By Rex W. Huppke, Tribune reporter
June 20, 2011
Work is, by its very definition, not fun. I know this because I looked it up in the dictionary and spotted nonfun words like "labor" and "exerts" and "effort." I also know this because I work, and have done so since realizing that money is necessary to obtain food and shelter and satellite television.
Certainly there are good jobs and there are even enjoyable workdays, but rare are the times when a working person can say they wouldn't rather be doing something else. Like watching satellite television.
Alas, we are doomed to earn our keep, so consider it my job from now on to help improve your workplace experience. Send me questions about office issues big and small: job-search problems, irritating co-workers, when it's appropriate to challenge your boss or subordinate to a fistfight.
I'll find answers, empathize with your workaday woes and poke fun at the inevitable failings of any office inhabited by human beings.
And I'll offer advice of my own, which you would be wise to ignore.
After all, what do I know? I just work here.
Q: I am currently writing a social media policy that would pretty much make it impossible for me to continue tweeting the kind of things I do. I have worked diligently to build the number of followers I have. I do not want to start a new Twitter account, but I want to write a decent social media policy for the health care company for which I work. How should I proceed?
— Dave in Alaska, via email
A: Well, Dave, I'm of the mind that people should be allowed to do as they please on their social media sites, providing, of course, that they don't do anything stupid. And there's the rub.
We tend to be wildly fallible creatures, and sites like Twitter and Facebook are like mythological sirens, seducing us to type things we'll later regret. Companies have to find ways to balance employees' free speech rights with concerns over their own reputations or brand names.
But Michael Zimmer, a law professor at Loyola University Chicago and an expert on employment law, said that's no easy trick.
"Companies are in a tough squeeze at the moment," Zimmer said. "Everything is moving so fast and the law isn't clear."
A Connecticut woman fired from her job as an ambulance driver after calling her boss a "scumbag" on Facebook recently had her federal labor lawsuit settled before it went to a hearing. The ambulance company wound up agreeing to change its policy, which restricted employees from discussing work when they're not on the clock.
That was a high-profile case, one that will make it hard for companies to specifically outlaw work chatter on social media. So Dave, you have your work cut out for you.
Zimmer suggested keeping the policy positive: "You want to say to people, 'Remember, you're an employee of company X and we want the best possible public image that we can have. So when you're engaging in social media that could be attributable to our company, just remember that we're all on the same team.'"
Zimmer added: "If you start cracking back on them, some people will just say, 'Well, to hell with you.'"
And they could well get away with saying that, since the law remains so unclear.
The takeaway here is that whatever social media policy you write shouldn't hamper the work you've done building up a Twitter following. Just try to avoid tweeting when angry. Or drunk. Or tired. Or … well, let's just be careful out there, OK?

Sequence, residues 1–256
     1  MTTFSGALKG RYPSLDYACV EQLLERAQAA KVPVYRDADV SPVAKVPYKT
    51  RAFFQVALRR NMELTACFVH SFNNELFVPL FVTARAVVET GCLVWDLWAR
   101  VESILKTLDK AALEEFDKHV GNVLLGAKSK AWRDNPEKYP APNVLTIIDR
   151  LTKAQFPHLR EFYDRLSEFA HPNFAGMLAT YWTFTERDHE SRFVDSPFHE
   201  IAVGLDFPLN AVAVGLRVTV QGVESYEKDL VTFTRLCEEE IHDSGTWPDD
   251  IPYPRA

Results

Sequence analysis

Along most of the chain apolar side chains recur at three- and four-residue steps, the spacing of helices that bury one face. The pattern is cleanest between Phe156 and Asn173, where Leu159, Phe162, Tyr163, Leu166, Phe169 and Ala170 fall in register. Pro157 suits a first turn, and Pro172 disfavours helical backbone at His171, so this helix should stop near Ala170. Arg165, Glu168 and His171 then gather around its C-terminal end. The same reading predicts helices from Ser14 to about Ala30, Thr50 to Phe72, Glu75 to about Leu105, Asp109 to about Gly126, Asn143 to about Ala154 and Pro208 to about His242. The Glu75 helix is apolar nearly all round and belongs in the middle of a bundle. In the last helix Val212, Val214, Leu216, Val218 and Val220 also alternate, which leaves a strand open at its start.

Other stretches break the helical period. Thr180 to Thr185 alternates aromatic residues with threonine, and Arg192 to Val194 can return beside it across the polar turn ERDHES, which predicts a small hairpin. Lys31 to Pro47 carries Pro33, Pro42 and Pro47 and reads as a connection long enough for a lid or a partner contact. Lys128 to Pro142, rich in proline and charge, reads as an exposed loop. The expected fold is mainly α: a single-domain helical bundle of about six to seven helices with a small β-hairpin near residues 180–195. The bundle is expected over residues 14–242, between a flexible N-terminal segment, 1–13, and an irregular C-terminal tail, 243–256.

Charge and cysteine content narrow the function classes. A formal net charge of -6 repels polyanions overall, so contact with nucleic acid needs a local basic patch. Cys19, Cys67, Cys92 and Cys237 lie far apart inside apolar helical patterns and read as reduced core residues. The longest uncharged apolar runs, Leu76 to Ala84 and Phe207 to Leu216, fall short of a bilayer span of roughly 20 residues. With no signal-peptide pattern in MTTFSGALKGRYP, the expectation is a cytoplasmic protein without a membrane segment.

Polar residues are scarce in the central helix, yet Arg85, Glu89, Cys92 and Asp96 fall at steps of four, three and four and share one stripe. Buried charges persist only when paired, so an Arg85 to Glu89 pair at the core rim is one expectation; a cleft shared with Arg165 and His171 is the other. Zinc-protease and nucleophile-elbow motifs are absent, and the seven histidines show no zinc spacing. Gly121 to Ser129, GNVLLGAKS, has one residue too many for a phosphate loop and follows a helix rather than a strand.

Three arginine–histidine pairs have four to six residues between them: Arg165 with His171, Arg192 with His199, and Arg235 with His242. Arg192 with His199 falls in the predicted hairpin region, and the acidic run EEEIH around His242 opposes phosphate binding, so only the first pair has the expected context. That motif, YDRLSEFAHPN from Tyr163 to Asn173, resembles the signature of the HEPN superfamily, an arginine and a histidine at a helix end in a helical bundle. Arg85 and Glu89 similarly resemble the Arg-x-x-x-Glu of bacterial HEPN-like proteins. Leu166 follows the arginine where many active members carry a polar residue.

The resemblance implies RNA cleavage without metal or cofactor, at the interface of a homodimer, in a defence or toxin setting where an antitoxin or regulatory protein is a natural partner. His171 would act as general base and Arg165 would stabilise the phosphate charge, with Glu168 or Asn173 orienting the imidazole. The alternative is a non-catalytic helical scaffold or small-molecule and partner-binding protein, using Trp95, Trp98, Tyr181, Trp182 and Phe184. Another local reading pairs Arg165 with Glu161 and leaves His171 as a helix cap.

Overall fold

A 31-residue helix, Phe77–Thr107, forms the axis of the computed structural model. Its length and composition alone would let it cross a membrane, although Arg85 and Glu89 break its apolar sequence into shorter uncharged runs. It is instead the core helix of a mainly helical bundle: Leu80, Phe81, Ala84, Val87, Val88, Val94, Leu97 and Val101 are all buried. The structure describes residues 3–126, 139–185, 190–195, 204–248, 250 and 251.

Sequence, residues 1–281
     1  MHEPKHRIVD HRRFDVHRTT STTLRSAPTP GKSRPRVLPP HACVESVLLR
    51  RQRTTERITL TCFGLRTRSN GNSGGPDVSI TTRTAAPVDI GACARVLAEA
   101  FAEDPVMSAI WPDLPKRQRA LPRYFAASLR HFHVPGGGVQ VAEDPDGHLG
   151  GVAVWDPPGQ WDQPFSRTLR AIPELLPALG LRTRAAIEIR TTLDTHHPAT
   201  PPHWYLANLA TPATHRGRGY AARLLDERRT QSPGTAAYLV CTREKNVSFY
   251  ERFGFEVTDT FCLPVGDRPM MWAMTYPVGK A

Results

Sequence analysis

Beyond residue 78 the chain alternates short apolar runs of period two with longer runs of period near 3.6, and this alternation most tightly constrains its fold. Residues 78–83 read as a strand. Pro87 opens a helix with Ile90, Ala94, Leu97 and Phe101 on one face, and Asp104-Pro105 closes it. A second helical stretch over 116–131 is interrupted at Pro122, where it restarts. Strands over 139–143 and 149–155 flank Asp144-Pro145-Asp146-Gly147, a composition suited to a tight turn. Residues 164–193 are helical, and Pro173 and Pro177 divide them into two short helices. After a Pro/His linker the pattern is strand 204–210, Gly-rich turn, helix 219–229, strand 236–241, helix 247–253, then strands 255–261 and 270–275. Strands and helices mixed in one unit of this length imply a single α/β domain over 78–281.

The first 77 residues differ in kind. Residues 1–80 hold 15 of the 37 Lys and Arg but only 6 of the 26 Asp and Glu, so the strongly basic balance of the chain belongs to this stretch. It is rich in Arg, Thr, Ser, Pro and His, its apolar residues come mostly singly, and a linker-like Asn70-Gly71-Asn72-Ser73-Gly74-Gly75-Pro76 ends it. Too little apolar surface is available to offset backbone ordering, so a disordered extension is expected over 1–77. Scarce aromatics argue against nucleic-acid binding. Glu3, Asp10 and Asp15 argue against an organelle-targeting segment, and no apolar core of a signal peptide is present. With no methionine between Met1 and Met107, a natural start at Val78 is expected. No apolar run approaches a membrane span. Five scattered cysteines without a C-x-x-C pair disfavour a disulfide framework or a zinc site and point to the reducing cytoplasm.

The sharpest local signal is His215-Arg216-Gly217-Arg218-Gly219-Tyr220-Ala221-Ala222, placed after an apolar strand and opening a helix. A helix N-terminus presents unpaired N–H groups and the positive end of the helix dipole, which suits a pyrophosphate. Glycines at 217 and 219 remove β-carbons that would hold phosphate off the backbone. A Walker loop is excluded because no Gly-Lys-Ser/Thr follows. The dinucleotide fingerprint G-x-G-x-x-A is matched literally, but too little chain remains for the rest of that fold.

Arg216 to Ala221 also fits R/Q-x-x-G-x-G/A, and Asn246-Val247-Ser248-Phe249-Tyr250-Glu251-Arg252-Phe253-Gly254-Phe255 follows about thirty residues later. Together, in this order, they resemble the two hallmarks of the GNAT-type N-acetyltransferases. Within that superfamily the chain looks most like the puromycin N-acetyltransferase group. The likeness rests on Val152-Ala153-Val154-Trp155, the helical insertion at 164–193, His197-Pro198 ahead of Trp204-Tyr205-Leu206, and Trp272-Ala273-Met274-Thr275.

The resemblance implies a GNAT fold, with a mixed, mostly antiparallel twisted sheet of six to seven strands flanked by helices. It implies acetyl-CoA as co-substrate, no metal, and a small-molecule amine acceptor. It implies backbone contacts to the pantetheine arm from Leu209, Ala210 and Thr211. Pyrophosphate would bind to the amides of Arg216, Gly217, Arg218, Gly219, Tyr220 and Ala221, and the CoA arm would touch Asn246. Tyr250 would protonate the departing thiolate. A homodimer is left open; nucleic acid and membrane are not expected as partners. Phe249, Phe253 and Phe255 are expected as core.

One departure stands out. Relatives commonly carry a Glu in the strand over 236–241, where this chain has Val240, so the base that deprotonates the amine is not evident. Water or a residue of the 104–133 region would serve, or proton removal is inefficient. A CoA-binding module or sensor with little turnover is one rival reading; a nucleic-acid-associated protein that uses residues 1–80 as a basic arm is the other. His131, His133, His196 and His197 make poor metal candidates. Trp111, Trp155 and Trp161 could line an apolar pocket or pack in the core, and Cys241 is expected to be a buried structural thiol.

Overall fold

Q: How much detail should my out-of-office reply have? Somewhere between "kiss off" and "investing retirement fund on red 3"?
— Kit in Colorado, via Twitter
A: Personally, I like my out-of-office notifications to say I've died. That way when I return a week or so later, everyone thinks it's a miracle. (My therapist says I have a "messiah complex." Whatever.)
But a sensible person, like Tammy Conard-Salvo, associate director of the Writing Lab at Purdue University, encourages workers heading off for vacation to take a more conservative approach.
She said she routinely gets questions about automated out-of-office replies when she does workshops on business etiquette. Apparently Kit and I aren't the only ones who harbor an inclination to leave a funny note. I suppose it's a way of electronically thumbing our noses at the poor souls who have to work while we're off sunning ourselves.
"Humor can be quite subjective," Conard-Salvo said. "We're also seeing an increased usage of email by people who are non-native speakers of English, and humor is often lost on people who speak a different language."
She suggests leaving just the basics: Tell people you're away, when you'll be back and whether you'll be checking messages.
And don't refer people to a co-worker unless you know for sure that co-worker will respond to the person promptly: "It doesn't make sense to refer a writer to someone who will simply say you have to wait until that person comes back."
Purdue's Writing Lab also has a handy website that focuses on workplace writing at owl.english.purdue.edu/owl/resource/681/01.
Q: How do I let a co-worker know that that the only reason I haven't beaten them to death with a printer is their candy dish?
— Chris in Ottawa, via Twitter
A: This is a simple cost-benefit analysis, Chris. Any economist would tell you that candy is awesome, and since this is free candy, you're looking at pure benefit, and probably some Snickers. Also, killing is wrong. So steer clear of that.
TALK TO REX: Ask workplace questions — anonymously or by name — and share stories with Rex Huppke at email@example.com, like Rex on Facebook at facebook.com/rexworkshere and find more at chicagotribune.com/ijustworkhere.
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